Second, since believers believe that abortion is the killing of a baby, it is implied that they will try to stop abortions. This will inevitably be perceived by an unbeliever as coercive and intrusive. That is, unbelievers will rightly see the effort to prevent abortion as the effort of a believer to impose his or her worldview on the unbeliever. Abortion is not like some moral issues which Christians would relegate to the realm of "being between the unbeliever and God." It falls in the realm of public evils in which the Christian worldview requires intervention. If Christians believe they can leave the decision to abort a child up to the individual, it logically follows that they believe the decision for one person to murder another ought to be left up to decision of the individual. To distinguish between the case of the murder of an adult and the abortion of a child is to acknowledge the very distinction on which opposition to abortion is premised. If you once concede that there is a difference between these two cases, you are admitting that humans get to decide when life begins (and ends) - and this decision can ultimately only be made on considerations of the "value" of a life - considerations which are completely alien to a biblical worldview.

To hold a Christian worldview on abortion, then, inherently involves us in a certain level of moral obligation to "impose" our worldview on unbelievers. In the same way and to the extent that we would seek to prevent the murder of an adult we are to use all appropriate means to prevent the killing of an unborn child. This may seem to be a radical statement, but to think otherwise is to concede the argument in advance by effectively saying that an unborn baby is not a full human being with full human rights.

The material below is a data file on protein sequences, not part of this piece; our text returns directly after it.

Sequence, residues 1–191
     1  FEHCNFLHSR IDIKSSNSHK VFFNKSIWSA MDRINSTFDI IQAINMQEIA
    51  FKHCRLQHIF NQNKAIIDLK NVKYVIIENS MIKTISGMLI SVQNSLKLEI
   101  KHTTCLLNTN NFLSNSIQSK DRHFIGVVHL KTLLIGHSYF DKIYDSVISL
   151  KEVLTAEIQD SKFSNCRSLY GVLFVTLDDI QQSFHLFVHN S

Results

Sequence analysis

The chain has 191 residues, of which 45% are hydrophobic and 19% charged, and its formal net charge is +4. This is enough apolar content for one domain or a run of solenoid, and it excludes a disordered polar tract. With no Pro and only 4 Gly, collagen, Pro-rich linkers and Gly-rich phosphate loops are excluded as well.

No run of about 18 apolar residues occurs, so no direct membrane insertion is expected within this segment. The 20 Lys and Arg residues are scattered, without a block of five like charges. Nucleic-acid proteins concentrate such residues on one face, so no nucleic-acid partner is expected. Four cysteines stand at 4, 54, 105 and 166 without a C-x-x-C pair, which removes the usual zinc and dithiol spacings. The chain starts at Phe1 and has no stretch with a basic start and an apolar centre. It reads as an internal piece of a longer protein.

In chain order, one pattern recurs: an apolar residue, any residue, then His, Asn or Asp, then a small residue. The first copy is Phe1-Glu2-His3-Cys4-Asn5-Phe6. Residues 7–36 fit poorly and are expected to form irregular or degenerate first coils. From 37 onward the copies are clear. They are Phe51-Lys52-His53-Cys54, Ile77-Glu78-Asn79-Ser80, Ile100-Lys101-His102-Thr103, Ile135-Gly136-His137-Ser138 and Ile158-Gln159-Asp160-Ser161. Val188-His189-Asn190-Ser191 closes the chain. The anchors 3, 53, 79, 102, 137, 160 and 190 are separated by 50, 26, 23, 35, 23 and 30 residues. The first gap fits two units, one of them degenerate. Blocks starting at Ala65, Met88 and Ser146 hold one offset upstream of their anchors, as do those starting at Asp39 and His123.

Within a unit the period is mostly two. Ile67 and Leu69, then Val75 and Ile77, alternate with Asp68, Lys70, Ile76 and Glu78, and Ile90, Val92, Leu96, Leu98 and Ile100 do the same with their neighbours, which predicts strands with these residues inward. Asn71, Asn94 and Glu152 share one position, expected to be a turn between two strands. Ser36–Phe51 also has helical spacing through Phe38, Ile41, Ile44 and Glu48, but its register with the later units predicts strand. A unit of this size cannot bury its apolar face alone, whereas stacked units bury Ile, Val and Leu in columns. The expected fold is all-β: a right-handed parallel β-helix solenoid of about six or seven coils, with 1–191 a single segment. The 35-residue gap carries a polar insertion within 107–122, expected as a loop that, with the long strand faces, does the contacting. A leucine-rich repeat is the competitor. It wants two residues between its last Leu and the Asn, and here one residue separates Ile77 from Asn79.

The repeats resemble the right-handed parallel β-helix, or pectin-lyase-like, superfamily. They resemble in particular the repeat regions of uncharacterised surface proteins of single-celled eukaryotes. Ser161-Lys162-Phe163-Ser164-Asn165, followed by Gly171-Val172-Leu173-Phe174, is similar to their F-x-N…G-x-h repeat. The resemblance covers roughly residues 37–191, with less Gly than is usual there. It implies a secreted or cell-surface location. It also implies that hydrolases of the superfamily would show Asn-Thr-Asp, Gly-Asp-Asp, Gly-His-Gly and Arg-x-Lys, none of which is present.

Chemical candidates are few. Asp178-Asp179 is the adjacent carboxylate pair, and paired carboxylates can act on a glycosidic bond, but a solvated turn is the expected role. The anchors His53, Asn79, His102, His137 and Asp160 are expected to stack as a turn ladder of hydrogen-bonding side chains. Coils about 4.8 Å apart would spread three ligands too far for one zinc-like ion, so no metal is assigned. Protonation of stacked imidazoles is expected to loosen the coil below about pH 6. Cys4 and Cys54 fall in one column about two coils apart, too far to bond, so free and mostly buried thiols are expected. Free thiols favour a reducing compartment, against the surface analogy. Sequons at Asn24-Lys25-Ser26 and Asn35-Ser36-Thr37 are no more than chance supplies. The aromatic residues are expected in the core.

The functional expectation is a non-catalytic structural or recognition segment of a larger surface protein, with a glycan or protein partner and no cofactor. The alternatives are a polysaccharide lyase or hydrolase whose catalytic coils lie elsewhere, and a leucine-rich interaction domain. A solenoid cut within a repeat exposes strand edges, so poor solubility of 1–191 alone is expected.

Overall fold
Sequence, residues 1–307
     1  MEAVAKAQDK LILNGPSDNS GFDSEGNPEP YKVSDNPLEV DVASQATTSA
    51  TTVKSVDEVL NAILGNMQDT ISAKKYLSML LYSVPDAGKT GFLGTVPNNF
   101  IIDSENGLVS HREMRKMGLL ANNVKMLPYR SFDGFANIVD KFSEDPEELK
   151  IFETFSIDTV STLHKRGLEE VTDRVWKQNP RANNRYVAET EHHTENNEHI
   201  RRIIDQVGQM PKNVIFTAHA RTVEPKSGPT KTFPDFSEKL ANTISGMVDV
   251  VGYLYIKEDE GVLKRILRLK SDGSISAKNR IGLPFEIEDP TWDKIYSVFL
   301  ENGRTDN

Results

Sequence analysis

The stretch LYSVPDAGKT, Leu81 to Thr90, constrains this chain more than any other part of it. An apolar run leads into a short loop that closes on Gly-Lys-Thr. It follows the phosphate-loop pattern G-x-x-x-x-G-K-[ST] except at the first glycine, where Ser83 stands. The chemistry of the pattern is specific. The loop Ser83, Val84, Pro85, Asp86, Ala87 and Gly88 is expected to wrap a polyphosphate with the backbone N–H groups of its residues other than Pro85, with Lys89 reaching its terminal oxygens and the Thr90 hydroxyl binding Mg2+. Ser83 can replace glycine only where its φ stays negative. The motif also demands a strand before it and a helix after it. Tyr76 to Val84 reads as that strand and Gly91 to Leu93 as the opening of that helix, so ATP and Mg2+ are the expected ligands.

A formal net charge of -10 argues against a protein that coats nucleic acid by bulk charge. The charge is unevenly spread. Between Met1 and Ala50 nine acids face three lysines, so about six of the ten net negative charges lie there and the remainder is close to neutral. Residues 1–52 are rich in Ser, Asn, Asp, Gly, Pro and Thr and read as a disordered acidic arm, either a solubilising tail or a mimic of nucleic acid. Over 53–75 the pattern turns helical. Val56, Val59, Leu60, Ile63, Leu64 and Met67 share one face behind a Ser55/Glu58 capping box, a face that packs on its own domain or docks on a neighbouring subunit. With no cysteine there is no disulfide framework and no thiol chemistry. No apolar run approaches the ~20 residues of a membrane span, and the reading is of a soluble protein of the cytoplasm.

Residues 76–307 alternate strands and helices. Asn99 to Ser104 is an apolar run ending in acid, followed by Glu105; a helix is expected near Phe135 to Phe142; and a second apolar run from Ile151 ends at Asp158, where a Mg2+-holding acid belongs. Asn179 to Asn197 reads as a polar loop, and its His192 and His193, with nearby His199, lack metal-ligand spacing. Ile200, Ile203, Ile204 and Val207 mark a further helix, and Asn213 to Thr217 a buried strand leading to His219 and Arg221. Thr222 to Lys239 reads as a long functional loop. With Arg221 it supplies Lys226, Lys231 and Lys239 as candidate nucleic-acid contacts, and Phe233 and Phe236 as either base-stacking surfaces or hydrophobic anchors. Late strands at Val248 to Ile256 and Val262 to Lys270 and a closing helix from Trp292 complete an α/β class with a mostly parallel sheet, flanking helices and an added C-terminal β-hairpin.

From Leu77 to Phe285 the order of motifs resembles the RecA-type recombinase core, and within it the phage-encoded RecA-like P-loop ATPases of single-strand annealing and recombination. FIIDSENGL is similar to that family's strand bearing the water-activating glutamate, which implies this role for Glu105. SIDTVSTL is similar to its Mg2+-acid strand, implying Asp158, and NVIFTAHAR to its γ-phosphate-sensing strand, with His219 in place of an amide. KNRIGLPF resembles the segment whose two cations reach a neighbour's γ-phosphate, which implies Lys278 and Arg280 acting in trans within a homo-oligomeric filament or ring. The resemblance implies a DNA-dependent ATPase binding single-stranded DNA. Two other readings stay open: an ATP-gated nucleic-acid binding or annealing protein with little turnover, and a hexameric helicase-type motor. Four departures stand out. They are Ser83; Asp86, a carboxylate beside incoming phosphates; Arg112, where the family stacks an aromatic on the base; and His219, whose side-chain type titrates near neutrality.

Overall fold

(7) What, then, are the "appropriate" ways in which Christians may to prevent the killing of an unborn child? Aye, there's the rub. Certainly, Christians ought to be involved in efforts to roll back evil laws and judicial rulings which permit murder, just as they once worked to do away with slavery. Christians, too, ought to be deeply involved in providing good options for mothers who don't wish to be mothers to give their children to parents who will love and care for them.

But what about taking action beyond this? After all, it is true that Christians, where human law conflicts with the Law of God are required to obey God rather than men. Should we take this as implying our obligation to protect the unborn in the same way that we would feel we were morally obligated to take action to prevent someone with a gun from killing someone else? For example, although the rulings of the judges in our nation make it illegal to prevent women from entering abortion clinics, are Christians obligated to disobey these laws? Clearly there are some very thorny issues here that need to be carefully thought through. It is not sufficient to just fall back on the fact that Christians are in general commanded to obey the laws. There are times when to do that involves us in disobedience to God. 

Of course, it is always wrong for Christians to try to right wrongs by committing evil themselves. It is always wrong for Christians to take such actions as bombing abortion clinics or shooting abortion doctors. Even to the extent that Christians are to take actions which prevent people from getting abortions, they must not violate God's Law in doing that.

I can propose no easy answers to the question of how far Christians ought to go, or what actions they ought to take, in preventing people from getting abortions which are legal in this nation. There are no easy answers to this question (although, as noted above, there clearly are some actions which Christians cannot take). Each Christian is obligated to think through these issues carefully in the light of the Word of God, and in His Presence. But Sanctity of Life Sunday is a good day to stop and consider the question.

May God see fit to change the hearts and minds of many in our land so that this evil practice disappears and many come to recognize the sacredness of life which God created in His image.

No comments:

Post a Comment